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The "Investor-Friendly" Title Company - Part 2

            When it comes to choosing a title company, it doesn’t matter how friendly or grouchy the title examiner or title clerk is.  You need to look for a title company that has the necessary resources to do the job in a timely manner.  The best way to do that is to find out for how many insurers this particular company can insure.  I like to work with title companies that have the ability to write insurance with more than one of the major national title insurance providers.  Ask your contact at the title company who their underwriters are, and which one they prefer working with and why.  You also want to ask questions regarding time frames.  Ask how long it takes for them to do the title exam and how quickly they can get the title commitment to you after it is prepared so you can review it.  If you don’t understand what is in that commitment, you need to have an attorney on your side review it and help you understand it.

            The second important thing a title company does involves the escrow portion of their work.  In simple terms, the escrow portion is when they gather all the necessary documents and all money needed to complete a transaction.  This requires working with the seller, buyer, and the buyer’s lenders.  Many times, those transactions are driven and controlled by the lender(s) who are funding the buyer in the acquisition of the deal.  Remember, the lender is not going to put their money into the deal using the property as collateral unless they are satisfied that the quality of the title to the property and other things are satisfactory.  A good lender is going to make sure the property is in good condition, is properly described in all legal records, will be vested in the name of the borrower/buyer without any other liens, and that the borrower/buyer is able to make the payments on the property.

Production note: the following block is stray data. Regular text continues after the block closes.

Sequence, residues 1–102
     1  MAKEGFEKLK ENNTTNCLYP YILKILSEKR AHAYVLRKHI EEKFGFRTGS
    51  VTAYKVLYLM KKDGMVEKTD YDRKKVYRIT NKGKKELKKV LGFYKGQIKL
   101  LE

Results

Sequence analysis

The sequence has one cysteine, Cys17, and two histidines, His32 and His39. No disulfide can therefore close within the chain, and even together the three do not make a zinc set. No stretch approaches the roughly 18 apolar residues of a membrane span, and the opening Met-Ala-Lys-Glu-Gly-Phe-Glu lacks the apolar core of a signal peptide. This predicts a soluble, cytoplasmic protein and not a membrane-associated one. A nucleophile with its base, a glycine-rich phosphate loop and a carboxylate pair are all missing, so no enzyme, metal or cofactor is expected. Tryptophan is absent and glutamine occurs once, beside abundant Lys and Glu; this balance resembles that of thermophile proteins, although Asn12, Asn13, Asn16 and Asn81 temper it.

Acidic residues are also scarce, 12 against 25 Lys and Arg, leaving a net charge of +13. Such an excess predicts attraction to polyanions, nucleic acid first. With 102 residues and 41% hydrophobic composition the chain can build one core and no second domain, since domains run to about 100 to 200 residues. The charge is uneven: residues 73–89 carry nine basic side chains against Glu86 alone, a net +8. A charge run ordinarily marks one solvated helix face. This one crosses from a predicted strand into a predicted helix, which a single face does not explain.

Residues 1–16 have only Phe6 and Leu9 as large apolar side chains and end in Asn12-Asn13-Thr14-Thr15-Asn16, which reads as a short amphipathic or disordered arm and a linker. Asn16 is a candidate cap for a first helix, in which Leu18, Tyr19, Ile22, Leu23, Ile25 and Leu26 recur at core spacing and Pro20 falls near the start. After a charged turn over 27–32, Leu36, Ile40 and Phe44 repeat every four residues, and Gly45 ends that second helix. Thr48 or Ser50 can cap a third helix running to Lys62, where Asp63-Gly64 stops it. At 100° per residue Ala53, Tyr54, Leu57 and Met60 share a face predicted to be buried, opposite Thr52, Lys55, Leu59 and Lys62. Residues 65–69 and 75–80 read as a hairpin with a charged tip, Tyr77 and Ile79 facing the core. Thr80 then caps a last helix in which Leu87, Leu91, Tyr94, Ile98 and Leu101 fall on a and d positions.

It’s my belief that most people get confused about what a title company can do because of the coordination of all the various loose ends that have to come together through the escrow process.  This can also cause confusion for the title company as well because they might be getting contradictory information from the representatives for the parties involved.  That never happens, right?!

            Confusion can also occur over what the lender is willing to do and permit versus what the borrower/buyer wants to do.  When this happens, the lender will win 99.9% of the time.

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